- Jill Schacter
- My wonderful husband died when I was 44 years old. Being widowed this young happens to less than 3% of married people. Writing through this loss one word at time helps me understand what I've lost and helps me continue to grow. It is how I have gradually recovered from such a severe loss. Research shows that you can benefit from taking just 15 minutes a day to write out your deepest feelings as a way of healing. On the right side of this blog, you'll see a tag for Exercises to Try. If you need some help knowing how to use writing to help heal yourself, I suggest you start there.
Thursday, August 07, 2008
Grief Meet Hope
Grief and hope try to be friends, but it isn't easy. Grief pulls back, gets scared, loses its mind in the past. Hope moves forward quickly, not even imagining all the trouble that might lie in wait up ahead. Hope is full of energy. Hope wants to branch out, try something new, get out and get going.
Grief takes a big long nap and is grateful for the quiet. Grief needs to lose weight and feels too heavy to get up and start all over again. Grief holds on tight to what is known. Grief demands an accounting of all that's been lost for fear that it will disappear altogether.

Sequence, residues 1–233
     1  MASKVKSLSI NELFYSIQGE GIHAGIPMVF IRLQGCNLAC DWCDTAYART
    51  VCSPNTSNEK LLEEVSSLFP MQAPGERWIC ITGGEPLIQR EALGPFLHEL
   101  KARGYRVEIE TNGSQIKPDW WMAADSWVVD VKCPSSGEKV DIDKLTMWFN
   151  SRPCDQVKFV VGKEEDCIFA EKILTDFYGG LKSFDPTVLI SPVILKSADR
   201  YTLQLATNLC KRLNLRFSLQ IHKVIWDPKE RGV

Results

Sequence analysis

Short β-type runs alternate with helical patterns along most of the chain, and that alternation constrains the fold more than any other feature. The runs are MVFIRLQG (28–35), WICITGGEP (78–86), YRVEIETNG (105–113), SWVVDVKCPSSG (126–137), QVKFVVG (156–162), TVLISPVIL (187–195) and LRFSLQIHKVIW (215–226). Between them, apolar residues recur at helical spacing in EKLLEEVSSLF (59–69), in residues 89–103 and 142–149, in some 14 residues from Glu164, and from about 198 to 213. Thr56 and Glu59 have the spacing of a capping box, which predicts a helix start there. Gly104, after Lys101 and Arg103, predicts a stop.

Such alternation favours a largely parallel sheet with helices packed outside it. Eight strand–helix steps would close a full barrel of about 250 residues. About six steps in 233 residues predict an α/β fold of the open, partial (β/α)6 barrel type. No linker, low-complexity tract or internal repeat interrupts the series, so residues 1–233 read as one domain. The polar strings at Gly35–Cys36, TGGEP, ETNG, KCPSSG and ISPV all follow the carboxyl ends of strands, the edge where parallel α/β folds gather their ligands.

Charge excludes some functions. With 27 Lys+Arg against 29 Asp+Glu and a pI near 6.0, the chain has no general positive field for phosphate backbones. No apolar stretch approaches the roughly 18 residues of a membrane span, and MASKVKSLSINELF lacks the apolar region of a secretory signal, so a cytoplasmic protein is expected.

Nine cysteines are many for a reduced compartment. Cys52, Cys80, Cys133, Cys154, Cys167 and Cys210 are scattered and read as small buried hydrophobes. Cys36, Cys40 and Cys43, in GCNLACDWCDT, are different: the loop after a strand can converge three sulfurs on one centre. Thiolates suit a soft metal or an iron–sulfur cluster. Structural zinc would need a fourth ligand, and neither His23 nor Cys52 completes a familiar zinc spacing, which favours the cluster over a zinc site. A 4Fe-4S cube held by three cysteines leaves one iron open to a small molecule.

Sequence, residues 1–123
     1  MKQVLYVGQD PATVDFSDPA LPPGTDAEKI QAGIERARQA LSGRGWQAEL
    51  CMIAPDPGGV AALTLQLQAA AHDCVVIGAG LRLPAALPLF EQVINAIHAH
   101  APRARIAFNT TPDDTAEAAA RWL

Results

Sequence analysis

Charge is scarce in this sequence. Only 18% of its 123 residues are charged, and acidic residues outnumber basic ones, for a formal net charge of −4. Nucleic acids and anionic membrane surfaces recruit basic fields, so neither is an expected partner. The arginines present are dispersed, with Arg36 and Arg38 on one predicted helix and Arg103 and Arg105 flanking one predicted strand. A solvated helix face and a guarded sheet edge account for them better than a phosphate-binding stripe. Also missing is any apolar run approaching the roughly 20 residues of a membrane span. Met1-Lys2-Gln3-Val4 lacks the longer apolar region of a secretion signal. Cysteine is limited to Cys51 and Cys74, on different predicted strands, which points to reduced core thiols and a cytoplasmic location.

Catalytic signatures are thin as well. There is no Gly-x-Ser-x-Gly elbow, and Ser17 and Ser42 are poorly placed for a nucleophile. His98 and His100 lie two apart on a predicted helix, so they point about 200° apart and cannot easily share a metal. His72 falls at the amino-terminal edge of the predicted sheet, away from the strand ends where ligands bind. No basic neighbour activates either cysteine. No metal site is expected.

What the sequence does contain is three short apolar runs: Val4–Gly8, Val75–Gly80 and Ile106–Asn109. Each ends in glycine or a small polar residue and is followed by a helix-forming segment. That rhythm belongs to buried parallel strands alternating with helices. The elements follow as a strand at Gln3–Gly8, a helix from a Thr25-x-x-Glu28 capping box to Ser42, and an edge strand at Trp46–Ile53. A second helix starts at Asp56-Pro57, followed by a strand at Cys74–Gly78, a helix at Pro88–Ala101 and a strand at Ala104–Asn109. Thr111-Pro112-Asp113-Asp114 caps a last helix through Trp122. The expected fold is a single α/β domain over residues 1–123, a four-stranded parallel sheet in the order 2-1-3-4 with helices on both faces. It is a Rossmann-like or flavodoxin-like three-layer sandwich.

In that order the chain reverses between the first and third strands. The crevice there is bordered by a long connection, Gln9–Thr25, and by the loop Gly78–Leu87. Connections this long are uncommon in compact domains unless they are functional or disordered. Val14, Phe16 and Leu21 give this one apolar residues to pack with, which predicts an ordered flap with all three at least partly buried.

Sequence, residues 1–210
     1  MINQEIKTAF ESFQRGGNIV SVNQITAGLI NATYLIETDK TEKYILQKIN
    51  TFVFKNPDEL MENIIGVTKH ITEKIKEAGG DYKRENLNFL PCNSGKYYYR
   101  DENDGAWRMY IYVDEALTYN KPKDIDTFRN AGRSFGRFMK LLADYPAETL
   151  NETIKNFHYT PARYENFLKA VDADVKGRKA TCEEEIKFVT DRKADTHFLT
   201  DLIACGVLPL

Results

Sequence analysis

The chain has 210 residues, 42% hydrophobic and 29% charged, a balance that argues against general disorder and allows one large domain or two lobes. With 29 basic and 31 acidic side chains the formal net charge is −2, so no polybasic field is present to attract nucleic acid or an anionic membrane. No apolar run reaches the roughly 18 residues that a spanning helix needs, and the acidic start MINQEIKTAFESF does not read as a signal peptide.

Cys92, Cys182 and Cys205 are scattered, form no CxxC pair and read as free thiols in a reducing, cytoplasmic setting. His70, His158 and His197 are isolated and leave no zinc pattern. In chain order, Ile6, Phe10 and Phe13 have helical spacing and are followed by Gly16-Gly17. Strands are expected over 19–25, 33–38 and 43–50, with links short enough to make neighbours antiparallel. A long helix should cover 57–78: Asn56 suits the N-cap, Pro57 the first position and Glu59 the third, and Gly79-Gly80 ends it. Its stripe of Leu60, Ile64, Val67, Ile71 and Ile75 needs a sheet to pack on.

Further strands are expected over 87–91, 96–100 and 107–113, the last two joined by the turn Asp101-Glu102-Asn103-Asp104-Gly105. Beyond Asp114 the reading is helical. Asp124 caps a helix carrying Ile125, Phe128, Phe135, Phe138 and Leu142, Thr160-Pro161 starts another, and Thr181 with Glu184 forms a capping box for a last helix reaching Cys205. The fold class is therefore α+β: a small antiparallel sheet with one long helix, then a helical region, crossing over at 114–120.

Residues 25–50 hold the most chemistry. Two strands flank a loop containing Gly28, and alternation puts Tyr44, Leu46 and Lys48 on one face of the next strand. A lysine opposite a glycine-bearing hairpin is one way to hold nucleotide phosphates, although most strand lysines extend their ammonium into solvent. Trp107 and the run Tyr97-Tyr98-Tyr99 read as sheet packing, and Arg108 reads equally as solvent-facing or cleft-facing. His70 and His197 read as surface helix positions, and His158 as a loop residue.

Hope says, "Fine, let it all come along for the ride. There's plenty of room. All are welcome here."
Grief wants very badly to believe that Hope can be trusted. Can they really co-exist? If they get together, will they be betraying anyone else?
Hope sings, voices echoing into the future, moving with confidence into unknown territory. Grief mutters in the background. Grief is simply exhausted and needs something to lean on.
"Lean on me", says Hope. I will always be outside your door and if you let me I will help you. It's what I'm here to do.
Grief rests her head on the pillow and pulls the covers up under her chin. She closes her eyes, invigorated by the darkness. She could stay here forever imagining how it used to be, how it could have been, how everything is alien now.
Hope sits on the screened front porch basking in the filtered warm sun, holding a cup of tea. Grief lumbers in, squints uncomfortably in the light. but takes a seat anyway.
"This feels like a good beginning for us," says Grief.
"No hurry," says Hope. "We can get up whenever you're ready to go."